Investment Amount

Posted on 07. Jul, 2008 by in Graphical Examples

The investment amount was briefly discussed in the article on pre-money valuation. However, another aspect needs to be fully understood when raising money in a competitive environment with large VC funds. This is that the pre-money valuation goes up with the amount of money raised if all other things are held constant. This is especially important when considering large VC funds as they have a lot of money to put to work.

Let’s take an example, illustrated to the right. An entrepreneur needs $2M given their current cash flow projections. However, the entrepreneur wants a very high valuation to avoid dilution. If the investors require the entrepreneur to take more money (due to the size of the fund, e.g. they have a $500M fund and need to put roughly $30-50M in each company over its lifetime), the investor is willing to be flexible about pre-money valuation. The amount of invested cash spent by the company makes no difference to the ownership percentages (although investors are usually very interested in their portfolio companies’ cashflows). In a competitive environment, this is easy to justify. Simply put, a higher amount of money yields a higher pre-money valuation because the percentage ownership enters into the rationale on both sides.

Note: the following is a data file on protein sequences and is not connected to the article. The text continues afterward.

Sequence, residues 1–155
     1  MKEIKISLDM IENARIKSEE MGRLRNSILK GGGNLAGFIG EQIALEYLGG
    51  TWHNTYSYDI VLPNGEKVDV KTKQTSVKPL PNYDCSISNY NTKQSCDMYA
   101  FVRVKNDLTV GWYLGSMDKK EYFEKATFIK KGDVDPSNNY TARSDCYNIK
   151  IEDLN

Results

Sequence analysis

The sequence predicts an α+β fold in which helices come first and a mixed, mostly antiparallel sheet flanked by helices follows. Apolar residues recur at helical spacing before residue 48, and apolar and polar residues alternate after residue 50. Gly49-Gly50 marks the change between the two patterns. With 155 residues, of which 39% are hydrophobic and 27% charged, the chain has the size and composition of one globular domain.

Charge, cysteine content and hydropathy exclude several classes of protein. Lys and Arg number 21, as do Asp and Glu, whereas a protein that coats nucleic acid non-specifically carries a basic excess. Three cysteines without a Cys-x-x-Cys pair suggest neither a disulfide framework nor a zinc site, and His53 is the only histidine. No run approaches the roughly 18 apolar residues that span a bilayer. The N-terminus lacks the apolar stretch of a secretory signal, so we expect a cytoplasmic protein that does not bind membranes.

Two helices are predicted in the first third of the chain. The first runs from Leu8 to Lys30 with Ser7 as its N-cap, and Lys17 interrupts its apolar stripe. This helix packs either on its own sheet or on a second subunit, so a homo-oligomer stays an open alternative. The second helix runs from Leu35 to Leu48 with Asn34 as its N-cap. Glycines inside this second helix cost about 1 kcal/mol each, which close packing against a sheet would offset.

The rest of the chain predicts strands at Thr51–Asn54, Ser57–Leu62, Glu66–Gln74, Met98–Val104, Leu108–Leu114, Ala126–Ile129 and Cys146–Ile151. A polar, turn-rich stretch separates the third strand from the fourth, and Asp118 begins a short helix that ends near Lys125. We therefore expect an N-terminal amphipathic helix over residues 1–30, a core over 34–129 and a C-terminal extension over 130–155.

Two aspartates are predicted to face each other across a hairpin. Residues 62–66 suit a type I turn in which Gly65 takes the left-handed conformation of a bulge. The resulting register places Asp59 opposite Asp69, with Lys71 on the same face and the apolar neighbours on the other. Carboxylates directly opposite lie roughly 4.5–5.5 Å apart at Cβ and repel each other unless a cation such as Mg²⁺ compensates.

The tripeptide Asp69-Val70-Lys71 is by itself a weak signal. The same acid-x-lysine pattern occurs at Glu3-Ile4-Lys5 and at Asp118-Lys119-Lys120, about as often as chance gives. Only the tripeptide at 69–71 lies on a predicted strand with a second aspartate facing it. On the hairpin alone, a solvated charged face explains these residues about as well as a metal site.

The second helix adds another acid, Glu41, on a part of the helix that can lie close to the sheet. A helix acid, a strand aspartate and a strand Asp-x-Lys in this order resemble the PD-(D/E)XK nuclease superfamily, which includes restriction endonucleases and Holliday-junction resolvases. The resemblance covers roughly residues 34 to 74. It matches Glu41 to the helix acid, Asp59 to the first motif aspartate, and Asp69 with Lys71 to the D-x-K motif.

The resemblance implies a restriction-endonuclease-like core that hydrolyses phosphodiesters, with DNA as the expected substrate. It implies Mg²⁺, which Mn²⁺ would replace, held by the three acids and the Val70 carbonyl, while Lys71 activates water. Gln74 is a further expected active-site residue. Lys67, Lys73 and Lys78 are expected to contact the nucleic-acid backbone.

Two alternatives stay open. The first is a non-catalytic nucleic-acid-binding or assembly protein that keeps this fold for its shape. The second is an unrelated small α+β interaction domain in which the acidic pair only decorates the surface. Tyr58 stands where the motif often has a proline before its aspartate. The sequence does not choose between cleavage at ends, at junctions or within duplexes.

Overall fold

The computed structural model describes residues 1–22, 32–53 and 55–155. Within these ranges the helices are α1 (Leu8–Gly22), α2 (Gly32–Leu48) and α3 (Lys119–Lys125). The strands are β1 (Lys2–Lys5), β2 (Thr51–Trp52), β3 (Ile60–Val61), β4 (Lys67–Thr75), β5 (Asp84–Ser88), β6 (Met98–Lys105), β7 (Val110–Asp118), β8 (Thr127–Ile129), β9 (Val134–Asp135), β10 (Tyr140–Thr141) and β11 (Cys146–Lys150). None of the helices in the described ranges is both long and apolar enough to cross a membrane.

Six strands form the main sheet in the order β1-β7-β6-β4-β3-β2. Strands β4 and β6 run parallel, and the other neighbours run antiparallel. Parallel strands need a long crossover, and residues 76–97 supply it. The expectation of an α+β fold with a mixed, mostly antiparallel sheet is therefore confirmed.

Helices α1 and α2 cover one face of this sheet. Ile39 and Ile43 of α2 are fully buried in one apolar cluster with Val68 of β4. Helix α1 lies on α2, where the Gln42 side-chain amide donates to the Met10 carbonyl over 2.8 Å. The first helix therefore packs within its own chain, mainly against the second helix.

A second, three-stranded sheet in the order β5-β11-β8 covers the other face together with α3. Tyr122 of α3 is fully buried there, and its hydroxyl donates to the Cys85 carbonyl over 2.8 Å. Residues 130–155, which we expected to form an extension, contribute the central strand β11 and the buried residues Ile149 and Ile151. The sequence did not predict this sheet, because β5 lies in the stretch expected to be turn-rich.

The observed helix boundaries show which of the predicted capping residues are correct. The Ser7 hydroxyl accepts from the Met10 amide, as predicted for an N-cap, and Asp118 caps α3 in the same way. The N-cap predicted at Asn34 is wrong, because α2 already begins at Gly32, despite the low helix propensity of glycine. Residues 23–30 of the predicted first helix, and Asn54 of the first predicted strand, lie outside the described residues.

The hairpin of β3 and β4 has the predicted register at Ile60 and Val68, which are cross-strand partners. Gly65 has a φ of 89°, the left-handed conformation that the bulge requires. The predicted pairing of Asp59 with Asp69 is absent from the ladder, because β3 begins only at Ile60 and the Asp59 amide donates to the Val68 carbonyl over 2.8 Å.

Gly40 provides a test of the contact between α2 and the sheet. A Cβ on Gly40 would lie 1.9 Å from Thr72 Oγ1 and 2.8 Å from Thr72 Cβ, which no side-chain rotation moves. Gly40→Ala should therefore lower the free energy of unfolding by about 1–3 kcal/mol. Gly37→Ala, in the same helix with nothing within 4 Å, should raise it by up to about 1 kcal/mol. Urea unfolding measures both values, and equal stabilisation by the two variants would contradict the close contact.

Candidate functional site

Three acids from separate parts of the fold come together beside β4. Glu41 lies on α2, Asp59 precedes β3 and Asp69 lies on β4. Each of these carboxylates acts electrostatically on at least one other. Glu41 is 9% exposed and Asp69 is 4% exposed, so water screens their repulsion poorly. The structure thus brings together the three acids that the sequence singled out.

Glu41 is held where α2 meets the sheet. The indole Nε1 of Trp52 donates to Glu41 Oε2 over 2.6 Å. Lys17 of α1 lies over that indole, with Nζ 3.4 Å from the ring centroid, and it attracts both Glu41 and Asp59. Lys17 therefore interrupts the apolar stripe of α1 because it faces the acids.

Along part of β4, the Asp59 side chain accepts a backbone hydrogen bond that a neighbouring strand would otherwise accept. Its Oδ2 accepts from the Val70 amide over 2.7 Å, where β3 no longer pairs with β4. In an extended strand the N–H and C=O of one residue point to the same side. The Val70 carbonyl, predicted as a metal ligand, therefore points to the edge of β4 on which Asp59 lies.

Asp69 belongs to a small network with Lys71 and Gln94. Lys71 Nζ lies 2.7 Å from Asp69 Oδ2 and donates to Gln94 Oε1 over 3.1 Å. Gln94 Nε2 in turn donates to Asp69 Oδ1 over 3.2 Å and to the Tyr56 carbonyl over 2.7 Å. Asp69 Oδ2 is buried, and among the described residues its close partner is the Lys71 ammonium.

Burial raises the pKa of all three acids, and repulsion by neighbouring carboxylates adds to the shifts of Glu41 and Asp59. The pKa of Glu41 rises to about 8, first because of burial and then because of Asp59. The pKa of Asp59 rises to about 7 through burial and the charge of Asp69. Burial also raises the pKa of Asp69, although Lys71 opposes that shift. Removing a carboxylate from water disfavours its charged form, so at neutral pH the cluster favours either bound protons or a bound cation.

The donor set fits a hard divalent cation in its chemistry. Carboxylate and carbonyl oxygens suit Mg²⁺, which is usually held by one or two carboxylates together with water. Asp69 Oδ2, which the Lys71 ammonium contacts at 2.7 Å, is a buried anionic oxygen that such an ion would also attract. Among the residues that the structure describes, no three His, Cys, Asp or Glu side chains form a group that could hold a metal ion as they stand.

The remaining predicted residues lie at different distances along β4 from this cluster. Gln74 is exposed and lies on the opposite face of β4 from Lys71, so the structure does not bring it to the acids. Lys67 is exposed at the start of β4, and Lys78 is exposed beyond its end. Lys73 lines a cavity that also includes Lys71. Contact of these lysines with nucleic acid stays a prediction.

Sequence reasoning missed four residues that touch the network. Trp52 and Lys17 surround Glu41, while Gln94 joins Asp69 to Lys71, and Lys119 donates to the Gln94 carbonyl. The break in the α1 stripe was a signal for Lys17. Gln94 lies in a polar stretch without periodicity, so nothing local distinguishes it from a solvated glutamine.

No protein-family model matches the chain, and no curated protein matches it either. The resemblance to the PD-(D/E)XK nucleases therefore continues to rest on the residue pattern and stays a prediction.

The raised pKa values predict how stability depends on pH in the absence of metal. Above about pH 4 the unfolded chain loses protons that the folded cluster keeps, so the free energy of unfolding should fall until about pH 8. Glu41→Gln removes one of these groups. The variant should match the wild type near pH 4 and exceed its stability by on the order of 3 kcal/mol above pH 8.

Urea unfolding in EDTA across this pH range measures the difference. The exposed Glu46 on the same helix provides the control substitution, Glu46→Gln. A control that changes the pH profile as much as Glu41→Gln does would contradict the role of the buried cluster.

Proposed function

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  • http://twitter.com/citizenglish Dil-Dominé Leonares

    this one is broken :(

    • http://twitter.com/thestartupspot thestartupspot

      Yup, our bad. It is fixed now.

      • http://twitter.com/citizenglish Dil-Dominé Leonares

        Thank you very much!

      • http://twitter.com/citizenglish Dil-Dominé Leonares

        Thank you for these great tools!